Coronavirus (COVID-19)

Health and safety are always among our top priorities at Weill Cornell Medicine. We are closely watching updates from trusted healthcare organizations and governmental recommendations about the new coronavirus (COVID-19), and will continue to keep you informed.

Agranulocytosis: Symptoms,

Mar 23rd, 2023 - Overview What is agranulocytosis? Agranulocytosis (pronounced “ay-GRAN-yoo-loh-sy-TOH-sis”) is a life-threatening condition that involves having severely low levels of white blood cells called neutrophils. White blood cells are part of your immune system. They protect your body from infection by fighting off germs that make you sick. Low levels of neutrophils make you very vulnerable to infecti...

Birth Defec

Mar 15th, 2023 - Overview What are birth defects? Birth defects are abnormal growth changes in your body that happen during fetal development. These changes can affect any part of your child’s body. A healthcare provider can detect birth defects during pregnancy, after your baby is born or later during your child’s life. Most providers identify a birth defect within your child’s first year. Not all birth defect...

Cardiomyopathy: Sy

Mar 14th, 2023 - Overview A heart with cardiomyopathy gets larger and weaker and can end up in heart failure. What is cardiomyopathy? Cardiomyopathy is a disease that affects your myocardium (heart muscle). Cardiomyopathy can make your heart stiffen, enlarge or thicken and can cause scar tissue. As a result, your heart can’t pump blood effectively to the rest of your body. In time, your heart can weaken and car...

Gallbladder Cancer: Symptoms, Tre

Mar 13th, 2023 - Overview The gallbladder's location deep within your body and under your liver makes it harder to detect cancer cells growing there. What is gallbladder cancer? Gallbladder cancer occurs when malignant (cancer) cells grow in your gallbladder. Your gallbladder is a pear-shaped organ in the upper right of your abdomen, just under your liver. It stores and delivers bile, a fluid your liver secrete...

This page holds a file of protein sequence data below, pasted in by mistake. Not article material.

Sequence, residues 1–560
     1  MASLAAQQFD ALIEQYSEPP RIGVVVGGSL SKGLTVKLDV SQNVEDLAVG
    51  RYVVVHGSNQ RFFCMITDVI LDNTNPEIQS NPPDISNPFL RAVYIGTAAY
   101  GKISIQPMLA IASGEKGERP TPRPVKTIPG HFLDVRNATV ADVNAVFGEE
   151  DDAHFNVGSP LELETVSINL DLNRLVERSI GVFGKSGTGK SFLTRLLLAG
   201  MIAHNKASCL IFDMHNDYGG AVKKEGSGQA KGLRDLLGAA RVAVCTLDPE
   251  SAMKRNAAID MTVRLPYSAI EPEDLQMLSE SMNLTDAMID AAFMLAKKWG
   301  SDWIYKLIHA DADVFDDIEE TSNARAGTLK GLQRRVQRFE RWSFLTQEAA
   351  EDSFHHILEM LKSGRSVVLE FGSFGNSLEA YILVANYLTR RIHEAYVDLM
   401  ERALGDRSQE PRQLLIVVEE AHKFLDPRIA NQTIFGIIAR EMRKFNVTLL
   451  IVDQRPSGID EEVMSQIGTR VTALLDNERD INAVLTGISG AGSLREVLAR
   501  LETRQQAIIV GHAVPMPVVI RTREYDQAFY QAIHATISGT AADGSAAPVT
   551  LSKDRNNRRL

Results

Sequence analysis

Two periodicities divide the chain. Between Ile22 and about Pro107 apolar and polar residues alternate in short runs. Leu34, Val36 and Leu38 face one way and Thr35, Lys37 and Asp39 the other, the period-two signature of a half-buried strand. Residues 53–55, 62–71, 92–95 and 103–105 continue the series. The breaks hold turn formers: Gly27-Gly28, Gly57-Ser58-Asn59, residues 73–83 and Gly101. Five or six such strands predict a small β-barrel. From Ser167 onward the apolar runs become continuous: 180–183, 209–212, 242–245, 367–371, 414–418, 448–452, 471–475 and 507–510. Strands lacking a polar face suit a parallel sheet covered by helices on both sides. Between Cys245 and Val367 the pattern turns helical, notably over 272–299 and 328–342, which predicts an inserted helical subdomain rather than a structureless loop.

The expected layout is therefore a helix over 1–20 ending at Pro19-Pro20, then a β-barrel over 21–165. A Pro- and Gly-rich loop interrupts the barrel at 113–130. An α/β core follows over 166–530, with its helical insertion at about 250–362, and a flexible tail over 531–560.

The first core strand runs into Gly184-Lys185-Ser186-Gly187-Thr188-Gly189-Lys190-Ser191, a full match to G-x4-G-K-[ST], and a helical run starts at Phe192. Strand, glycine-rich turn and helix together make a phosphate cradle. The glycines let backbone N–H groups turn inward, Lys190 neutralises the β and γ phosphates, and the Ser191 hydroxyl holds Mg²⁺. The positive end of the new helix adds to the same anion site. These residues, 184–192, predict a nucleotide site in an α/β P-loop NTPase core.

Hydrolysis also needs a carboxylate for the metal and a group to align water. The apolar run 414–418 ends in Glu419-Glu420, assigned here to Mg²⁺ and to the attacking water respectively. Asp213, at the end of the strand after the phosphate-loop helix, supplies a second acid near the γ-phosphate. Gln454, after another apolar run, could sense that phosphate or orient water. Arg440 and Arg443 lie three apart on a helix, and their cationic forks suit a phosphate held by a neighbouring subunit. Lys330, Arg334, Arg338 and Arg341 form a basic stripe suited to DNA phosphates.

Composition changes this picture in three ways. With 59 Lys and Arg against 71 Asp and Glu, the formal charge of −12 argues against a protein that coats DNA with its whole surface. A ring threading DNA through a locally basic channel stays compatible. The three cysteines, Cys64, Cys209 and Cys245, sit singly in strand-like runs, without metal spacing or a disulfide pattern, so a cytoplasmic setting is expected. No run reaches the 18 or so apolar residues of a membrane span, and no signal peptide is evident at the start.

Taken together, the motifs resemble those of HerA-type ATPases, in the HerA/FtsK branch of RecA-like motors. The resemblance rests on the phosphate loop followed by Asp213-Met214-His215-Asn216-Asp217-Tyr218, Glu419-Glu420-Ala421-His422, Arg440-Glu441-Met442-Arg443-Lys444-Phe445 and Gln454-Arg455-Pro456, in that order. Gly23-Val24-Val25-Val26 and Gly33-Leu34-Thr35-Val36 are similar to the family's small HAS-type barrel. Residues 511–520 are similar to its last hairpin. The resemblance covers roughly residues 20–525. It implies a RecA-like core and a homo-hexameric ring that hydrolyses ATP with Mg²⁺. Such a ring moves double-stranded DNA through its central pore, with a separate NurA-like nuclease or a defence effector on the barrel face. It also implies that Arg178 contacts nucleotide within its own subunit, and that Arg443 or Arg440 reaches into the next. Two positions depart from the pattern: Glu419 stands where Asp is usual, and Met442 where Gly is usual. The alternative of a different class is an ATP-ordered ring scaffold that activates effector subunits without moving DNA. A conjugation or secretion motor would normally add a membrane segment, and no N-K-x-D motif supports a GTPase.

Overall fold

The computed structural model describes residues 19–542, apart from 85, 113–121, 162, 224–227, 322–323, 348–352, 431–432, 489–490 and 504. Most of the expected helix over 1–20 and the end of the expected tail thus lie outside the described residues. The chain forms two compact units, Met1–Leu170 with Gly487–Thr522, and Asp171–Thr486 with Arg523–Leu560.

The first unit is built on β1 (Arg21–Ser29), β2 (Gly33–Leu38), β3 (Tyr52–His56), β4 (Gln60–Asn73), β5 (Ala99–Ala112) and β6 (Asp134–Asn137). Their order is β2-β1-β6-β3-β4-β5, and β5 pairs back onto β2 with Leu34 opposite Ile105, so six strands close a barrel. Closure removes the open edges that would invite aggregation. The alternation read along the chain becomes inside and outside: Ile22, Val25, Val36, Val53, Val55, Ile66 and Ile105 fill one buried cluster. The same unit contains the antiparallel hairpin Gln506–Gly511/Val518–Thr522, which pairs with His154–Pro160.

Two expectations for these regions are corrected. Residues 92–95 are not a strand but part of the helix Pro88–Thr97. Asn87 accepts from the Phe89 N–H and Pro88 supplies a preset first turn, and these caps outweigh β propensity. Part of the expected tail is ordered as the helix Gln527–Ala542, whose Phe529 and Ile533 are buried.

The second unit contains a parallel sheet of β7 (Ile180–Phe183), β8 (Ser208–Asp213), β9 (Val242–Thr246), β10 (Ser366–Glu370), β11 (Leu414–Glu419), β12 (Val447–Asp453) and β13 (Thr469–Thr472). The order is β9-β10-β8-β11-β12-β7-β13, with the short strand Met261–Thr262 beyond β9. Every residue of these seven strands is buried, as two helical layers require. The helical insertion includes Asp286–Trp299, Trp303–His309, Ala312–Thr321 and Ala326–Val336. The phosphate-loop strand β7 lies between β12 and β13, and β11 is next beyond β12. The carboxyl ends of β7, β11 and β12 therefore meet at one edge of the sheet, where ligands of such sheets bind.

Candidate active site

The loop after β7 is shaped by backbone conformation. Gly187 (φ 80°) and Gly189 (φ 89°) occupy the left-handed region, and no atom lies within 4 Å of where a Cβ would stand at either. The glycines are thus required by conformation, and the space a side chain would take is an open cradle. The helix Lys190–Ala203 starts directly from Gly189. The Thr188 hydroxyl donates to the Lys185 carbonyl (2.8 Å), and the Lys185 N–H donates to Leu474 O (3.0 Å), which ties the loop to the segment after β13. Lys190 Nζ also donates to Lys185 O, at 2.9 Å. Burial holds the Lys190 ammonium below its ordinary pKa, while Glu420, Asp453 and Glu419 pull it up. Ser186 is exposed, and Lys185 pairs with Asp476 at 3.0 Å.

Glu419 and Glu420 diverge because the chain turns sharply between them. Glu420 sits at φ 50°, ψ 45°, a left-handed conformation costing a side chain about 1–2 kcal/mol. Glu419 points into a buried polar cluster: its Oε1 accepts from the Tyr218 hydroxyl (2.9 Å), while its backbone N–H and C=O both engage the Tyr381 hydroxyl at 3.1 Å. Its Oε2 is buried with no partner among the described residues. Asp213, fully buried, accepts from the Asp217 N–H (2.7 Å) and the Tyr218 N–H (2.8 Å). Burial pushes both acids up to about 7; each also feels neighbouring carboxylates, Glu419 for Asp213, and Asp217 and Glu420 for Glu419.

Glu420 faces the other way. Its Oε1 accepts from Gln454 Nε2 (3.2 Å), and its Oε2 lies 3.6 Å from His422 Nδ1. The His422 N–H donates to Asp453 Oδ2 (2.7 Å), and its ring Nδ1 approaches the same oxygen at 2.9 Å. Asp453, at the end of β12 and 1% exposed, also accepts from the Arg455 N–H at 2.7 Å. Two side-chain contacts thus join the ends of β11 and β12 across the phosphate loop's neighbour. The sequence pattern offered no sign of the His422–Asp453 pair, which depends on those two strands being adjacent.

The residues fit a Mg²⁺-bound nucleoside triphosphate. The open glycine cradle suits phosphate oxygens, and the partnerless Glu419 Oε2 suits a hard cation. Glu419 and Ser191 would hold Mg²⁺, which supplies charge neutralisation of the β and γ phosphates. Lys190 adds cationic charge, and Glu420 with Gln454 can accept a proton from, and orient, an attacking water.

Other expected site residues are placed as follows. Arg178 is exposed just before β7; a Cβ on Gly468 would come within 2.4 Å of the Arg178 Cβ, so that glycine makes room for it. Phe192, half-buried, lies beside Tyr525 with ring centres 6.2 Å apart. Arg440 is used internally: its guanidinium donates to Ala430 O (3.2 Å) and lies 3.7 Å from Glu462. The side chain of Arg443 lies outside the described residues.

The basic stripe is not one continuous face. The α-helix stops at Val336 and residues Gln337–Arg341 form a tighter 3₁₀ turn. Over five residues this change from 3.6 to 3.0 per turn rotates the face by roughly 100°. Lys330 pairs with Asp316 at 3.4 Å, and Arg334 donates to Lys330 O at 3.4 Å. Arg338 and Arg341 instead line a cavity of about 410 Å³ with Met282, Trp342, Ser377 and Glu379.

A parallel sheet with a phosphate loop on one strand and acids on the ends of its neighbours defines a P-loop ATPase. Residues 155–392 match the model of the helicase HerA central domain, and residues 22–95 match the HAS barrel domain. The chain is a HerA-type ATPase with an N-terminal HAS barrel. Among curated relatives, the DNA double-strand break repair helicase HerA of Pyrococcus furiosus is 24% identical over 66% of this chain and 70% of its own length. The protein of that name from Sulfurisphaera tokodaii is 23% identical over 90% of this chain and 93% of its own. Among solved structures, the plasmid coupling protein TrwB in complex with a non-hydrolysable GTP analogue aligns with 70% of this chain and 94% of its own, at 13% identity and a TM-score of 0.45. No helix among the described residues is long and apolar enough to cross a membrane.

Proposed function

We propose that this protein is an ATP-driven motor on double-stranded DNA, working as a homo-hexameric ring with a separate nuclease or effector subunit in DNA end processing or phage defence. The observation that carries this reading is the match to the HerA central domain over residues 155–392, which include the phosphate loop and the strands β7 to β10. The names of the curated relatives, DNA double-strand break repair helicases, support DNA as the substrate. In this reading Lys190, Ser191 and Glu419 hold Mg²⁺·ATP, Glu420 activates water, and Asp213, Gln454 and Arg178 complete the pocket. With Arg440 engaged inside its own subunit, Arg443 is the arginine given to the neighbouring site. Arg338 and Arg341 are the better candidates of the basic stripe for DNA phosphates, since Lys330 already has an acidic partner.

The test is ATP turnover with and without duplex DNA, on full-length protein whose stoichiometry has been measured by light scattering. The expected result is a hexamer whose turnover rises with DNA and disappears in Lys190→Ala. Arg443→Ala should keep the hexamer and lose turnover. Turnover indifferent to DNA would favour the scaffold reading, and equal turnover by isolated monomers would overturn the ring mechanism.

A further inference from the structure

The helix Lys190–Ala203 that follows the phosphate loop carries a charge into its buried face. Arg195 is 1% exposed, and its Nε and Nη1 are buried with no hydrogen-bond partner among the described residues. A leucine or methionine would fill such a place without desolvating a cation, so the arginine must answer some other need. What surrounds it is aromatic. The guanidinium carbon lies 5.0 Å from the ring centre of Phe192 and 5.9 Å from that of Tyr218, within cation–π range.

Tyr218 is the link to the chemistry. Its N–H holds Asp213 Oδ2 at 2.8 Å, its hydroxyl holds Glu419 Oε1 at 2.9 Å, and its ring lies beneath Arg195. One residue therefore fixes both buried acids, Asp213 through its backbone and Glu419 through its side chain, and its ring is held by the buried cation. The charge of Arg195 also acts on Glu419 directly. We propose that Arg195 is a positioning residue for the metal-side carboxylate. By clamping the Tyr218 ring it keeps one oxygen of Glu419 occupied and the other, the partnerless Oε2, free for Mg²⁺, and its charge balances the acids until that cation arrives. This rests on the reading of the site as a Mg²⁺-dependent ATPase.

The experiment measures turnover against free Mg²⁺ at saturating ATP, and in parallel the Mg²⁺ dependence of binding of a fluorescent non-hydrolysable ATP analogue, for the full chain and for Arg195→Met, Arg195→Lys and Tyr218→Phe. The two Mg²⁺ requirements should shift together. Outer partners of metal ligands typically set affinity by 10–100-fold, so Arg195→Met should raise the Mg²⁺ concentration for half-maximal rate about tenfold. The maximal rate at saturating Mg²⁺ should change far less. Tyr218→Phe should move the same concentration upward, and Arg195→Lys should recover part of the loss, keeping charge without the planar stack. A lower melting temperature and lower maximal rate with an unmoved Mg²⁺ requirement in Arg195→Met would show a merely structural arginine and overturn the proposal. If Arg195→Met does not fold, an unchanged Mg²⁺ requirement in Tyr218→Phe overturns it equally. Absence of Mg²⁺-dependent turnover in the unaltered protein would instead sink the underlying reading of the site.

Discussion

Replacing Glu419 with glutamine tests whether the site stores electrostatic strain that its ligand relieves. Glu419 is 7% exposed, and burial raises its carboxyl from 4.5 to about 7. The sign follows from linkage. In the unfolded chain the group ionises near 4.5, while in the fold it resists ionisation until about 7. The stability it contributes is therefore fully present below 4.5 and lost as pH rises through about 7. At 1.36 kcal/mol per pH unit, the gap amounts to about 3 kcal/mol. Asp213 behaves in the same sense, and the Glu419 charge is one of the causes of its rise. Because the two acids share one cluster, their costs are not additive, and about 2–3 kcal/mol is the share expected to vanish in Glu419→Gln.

Heart failure - Care at Mayo Clinic - Mayo Clinic

Mar 11th, 2023 - Heart failure care at Mayo Clinic Your Mayo Clinic care team At Mayo Clinic, doctors in the Department of Cardiovascular Medicine work with a team of health care provider in many areas to provide you with coordinated care. Mayo Clinic's campuses in Arizona, Florida and Minnesota each offer a Heart Failure Clinic staffed by a team of care providers trained in evaluating and treating heart failur...

Heart failure - Symptoms and causes - Mayo Clinic

Mar 11th, 2023 - Overview Heart failure occurs when the heart muscle doesn't pump blood as well as it should. When this happens, blood often backs up and fluid can build up in the lungs, causing shortness of breath. Certain heart conditions gradually leave the heart too weak or stiff to fill and pump blood properly. These conditions include narrowed arteries in the heart and high blood pressure. Proper treatmen...

Heart failure - Diagnosis and treatment - Mayo Clinic

Mar 11th, 2023 - Diagnosis To diagnose heart failure, your health care provider examines you and asks questions about your symptoms and medical history. Your provider checks to see if you have risk factors for heart failure, such as high blood pressure, coronary artery disease or diabetes. Your care provider listens to your lungs and heart with a device called a stethoscope. A whooshing sound called a murmur ma...

Type 2 diabetes - Diagnosis and treatment - Mayo Clinic

Mar 11th, 2023 - Diagnosis Type 2 diabetes is usually diagnosed using the glycated hemoglobin (A1C) test. This blood test indicates your average blood sugar level for the past two to three months. Results are interpreted as follows: Below 5.7% is normal. 5.7% to 6.4% is diagnosed as prediabetes. 6.5% or higher on two separate tests indicates diabetes. If the A1C test isn't available, or if you have certain cond...